Being in sales is a tough job. You’re paid based on results, not effort, tenure, degrees, or the hours you clock. It combines skills, work ethic, luck, context, product, opportunity, timing, and circumstances.
And like any job, you will never be without challenges.
But the real question is can you remain flexible and continue to adapt to company changes? What areas are you not able to bend?
Understanding your snapping point and working on your flexibility can help you turn adverse conditions into prosperous ones with a bit of time, optimism, and determination to see something through.
Advocate for Your Career
Since you’re here, you probably know I’m a headhunter.
So, every day, I persuade talented salespeople to meet with me about their career goals and challenges. Occasionally, I encounter salespeople who want more information than I am willing to give in an email or message chat without having a quick phone call. These people almost always talk about how they don’t have time to speak with headhunters.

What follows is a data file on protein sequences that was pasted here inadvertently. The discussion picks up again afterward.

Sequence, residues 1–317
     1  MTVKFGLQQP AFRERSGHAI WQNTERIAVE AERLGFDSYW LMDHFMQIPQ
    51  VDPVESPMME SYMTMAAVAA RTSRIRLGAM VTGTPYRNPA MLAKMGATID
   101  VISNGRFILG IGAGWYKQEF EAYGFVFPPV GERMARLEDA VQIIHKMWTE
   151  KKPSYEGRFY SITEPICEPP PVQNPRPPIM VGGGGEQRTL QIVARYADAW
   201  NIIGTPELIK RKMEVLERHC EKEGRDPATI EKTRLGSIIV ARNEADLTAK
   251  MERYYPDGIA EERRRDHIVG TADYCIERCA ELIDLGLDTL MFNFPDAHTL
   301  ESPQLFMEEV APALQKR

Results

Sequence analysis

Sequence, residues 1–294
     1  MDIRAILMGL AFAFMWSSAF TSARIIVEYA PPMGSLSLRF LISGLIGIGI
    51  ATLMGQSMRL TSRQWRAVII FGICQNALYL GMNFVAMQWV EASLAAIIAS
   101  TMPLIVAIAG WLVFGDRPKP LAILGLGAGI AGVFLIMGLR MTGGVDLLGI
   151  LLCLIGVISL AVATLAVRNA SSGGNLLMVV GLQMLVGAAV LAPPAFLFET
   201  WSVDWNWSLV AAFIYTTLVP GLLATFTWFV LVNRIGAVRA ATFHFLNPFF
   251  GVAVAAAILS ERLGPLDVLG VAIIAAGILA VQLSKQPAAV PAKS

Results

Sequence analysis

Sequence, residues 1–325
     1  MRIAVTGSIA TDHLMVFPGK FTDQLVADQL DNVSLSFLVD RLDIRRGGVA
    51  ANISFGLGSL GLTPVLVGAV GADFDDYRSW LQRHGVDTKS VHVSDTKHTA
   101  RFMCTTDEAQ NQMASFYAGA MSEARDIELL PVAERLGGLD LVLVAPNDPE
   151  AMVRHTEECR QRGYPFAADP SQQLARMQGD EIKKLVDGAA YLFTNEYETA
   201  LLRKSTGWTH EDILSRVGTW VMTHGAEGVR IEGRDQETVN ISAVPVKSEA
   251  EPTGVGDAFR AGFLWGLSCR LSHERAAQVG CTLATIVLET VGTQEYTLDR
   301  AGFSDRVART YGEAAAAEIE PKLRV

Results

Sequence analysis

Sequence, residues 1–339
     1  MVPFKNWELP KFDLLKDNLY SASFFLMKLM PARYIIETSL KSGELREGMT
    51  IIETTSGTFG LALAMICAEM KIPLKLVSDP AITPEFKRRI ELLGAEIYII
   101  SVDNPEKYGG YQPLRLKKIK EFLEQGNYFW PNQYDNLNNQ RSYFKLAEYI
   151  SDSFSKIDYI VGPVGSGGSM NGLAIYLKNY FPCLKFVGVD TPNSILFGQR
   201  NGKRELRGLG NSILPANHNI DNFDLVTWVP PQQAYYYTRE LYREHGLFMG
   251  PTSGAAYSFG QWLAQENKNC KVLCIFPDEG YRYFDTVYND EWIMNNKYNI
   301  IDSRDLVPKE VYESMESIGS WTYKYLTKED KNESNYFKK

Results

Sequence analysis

However, they find time to write long emails to headhunters. So here is one piece of critical advice to keep in mind.
Learn about the Best Tech Sales Jobs and Take the Headhunter’s Calls
No one will advocate for you regarding your next career move.
Not your spouse, not your mother, and certainly not your boss. Only you can take the time to investigate, explore, and build your network. The more people inside and outside your company know you, the better. But only you–will be on the lookout for your next career move.
If you don’t take 10 minutes here and there for a conversation, you will potentially miss out on potential opportunities.